Conference Sessions

Session 102 – Reaching Our (Full, Digital) Potential

Saturday, June 21st, 9:00am-10:30am

Jaycie Vos, University of North Carolina at Chapel Hill
Laura Clark Brown, University of North Carolina at Chapel Hill
Virginia Ferris, University of North Carolina at Chapel Hill
Seth Kotch, University of North Carolina at Chapel Hill

Since 2003, the Southern Oral History Program at the University of North Carolina at Chapel Hill has sought to make robust use of the digital turn in oral history research and dissemination. This born digital approach encourages experimentation, collaboration, and a return to core principles. Most recently, experimentation has resulted in Mapping the Long Women’s Movement, an oral history visualization and auralization project, which integrates newly applied technologies in streaming audio, time stamped transcripts, and geo-referencing. Collaboration hinges on our long-term relationship with UNC Libraries’ Southern Historical Collection, where interviews are described, archived, and disseminated. The return to core principles has begun with the development of a metadata standard for digital oral histories. The field lacks such a standard to the detriment of effective dissemination. In collaboration with the library, the SOHP is experimenting with online tools to support the new metadata schema, and following implementation, SOHP will share it across the oral history and archival fields. By doing so, we hope to make use of linked data’s full potential by improving humanities research across oral history collections nationwide.

The panelists will address experimentation, collaboration, and core principles. They will discuss the current state of digital oral history practice, the development of a new metadata schema, implementation of the schema in-house, and methods to make the schema a national standard. The panel will demonstrate progress to date and will suggest implications for digital humanities research and the re-imagining of digital scholarship.

Session 201 – Digital Scholarship & Curation

Saturday, June 21st, 10:45am-12:15pm

Digital Scholarship and the Institutional Repository: Insights from the Fine Arts

Courtney Baron, MLIS candidate, Valdosta State University
Anna-Sophia Zingarelli-Sweet, MLIS candidate, University of Pittsburgh

Innovate and Curate? Helping collaborative digital humanities research persist beyond the experiment

Liz Milewicz, Duke University
Leslie Barnes, University of Toronto

Redefining Publishing to Serve New Forms of Scholarship: A Proposal for Publishers, Librarians, and Scholars to Re-make the Publishing Process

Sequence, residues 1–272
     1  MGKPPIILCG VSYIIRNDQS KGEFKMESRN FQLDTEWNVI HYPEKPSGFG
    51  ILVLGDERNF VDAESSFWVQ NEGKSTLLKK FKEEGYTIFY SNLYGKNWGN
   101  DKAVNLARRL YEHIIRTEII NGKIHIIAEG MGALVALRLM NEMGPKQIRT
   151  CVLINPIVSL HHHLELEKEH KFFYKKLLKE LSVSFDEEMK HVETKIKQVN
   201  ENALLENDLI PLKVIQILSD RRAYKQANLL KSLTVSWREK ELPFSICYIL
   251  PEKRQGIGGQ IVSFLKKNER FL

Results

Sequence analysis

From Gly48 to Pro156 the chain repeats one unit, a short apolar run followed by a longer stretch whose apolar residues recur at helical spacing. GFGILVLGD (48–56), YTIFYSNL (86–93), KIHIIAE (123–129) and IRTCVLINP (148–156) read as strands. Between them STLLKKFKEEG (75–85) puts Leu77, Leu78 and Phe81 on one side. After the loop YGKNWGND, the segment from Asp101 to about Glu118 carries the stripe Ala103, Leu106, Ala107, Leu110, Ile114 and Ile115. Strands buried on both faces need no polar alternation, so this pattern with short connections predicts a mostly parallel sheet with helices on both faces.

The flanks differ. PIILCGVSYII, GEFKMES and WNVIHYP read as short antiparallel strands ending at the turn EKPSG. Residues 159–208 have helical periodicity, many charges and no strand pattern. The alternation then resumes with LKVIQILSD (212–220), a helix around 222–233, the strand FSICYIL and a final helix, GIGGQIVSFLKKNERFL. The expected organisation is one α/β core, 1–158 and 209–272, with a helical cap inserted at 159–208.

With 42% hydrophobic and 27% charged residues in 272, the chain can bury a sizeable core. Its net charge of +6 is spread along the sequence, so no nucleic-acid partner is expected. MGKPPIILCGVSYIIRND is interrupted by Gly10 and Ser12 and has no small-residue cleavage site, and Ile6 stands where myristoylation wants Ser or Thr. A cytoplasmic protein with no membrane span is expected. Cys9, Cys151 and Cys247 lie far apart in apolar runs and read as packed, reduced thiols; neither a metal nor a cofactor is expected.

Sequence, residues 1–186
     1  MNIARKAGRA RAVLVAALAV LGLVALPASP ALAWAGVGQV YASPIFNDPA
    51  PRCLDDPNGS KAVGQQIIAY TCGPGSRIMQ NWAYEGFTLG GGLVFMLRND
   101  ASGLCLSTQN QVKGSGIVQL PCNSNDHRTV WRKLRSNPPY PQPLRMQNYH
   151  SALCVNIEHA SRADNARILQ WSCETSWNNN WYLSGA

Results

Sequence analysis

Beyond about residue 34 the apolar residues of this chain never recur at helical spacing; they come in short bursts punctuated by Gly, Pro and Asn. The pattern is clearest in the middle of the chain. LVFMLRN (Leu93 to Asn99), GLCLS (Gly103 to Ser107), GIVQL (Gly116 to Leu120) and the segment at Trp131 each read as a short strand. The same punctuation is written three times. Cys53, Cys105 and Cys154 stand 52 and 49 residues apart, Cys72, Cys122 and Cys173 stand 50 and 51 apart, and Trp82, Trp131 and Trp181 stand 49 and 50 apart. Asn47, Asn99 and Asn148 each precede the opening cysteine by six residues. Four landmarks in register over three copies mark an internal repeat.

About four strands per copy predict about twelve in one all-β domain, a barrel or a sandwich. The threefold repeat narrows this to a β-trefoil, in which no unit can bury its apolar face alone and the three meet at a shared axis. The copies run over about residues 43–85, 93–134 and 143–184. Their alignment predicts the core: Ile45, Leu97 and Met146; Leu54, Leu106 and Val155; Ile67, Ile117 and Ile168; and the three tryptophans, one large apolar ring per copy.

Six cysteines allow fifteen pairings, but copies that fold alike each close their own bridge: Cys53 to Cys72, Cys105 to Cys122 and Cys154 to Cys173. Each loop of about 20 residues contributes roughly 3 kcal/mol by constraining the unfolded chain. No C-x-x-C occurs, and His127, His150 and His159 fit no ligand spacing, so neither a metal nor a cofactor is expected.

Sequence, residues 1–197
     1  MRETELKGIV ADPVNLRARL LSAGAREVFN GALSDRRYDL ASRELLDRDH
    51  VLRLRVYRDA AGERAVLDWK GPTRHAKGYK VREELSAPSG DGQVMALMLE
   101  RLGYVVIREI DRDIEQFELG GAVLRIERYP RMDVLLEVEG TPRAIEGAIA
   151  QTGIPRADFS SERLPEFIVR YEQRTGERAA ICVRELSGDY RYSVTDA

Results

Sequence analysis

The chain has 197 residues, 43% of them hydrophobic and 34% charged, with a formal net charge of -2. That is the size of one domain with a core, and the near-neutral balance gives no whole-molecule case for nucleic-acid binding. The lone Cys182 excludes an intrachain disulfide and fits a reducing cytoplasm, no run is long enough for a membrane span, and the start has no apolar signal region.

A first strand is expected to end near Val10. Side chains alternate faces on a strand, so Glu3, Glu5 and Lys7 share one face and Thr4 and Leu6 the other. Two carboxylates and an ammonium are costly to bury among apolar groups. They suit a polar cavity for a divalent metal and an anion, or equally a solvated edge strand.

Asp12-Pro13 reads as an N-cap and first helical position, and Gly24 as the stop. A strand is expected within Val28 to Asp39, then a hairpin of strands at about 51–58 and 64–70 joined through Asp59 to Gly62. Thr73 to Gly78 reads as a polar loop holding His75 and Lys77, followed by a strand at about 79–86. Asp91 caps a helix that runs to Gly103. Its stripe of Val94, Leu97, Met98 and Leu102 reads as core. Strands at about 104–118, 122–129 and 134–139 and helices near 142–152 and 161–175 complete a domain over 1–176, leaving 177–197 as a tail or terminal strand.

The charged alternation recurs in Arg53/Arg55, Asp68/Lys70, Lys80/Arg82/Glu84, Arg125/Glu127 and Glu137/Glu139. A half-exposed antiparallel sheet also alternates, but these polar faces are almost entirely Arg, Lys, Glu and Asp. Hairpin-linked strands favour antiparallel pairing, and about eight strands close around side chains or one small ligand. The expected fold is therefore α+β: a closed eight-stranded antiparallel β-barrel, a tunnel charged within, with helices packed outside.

Sylvia K. Miller, Franklin Humanities Institute, Duke University

Zingarelli-Sweet and Baron will discuss the benefits and challenges of implementing a DSpace institutional repository at the Lamar Dodd School of Art at the University of Georgia.  Through a case study of curating digital research outcomes of the Haiti Lab at Duke University’s John Hope Franklin Humanities Institute (FHI), Milewicz and Barnes will illustrate how digital humanities work poses unique administrative challenges for curating research data and digital scholarship.  Miller will discuss the ideas of collaborative workflows that would bring publishers, scholars, and librarians together to produce published scholarship in a more connected and integrated manner and in so doing, to eliminate duplication of effort, serve scholars in a more systematized manner, and ultimately to redefine scholarly publishing in the humanities and social sciences as we know it today.

Session 202 – Supporting Digital Humanities in the Library: Three Case Studies

Saturday, June 21st, 10:45am-12:15pm

What’s So Big About Humanities? Advanced Computing in Libraries

Simon Appleford, Clemson University

Developing the Lowcountry Digital History Initiative (LDHI)

Mary Battle, College of Charleston
Tyler Mobley, College of Charleston
Heather Gilbert, College of Charleston

Into the Library and Back Out Again: The CDH at the University of South Carolina

David Lee Miller, University of South Carolina

Appleford will discuss his experiences building digital humanities centers at both Clemson University and the University of Illinois at Urbana-Champaign.  Battle, Mobley and Gilbert will discuss the technology, collaborations and workflows implemented in building the Lowcountry Digital History Initiative, an Omeka-based digital public history project focusing on addressing underrepresented race, class, gender, and labor histories within the Lowcountry region, and in historically interconnected Atlantic World sites. Finally, Miller will discuss the Center for Digital Humanities at the University of South Carolina, their experiences moving into and within the library and their impending move back out of the library.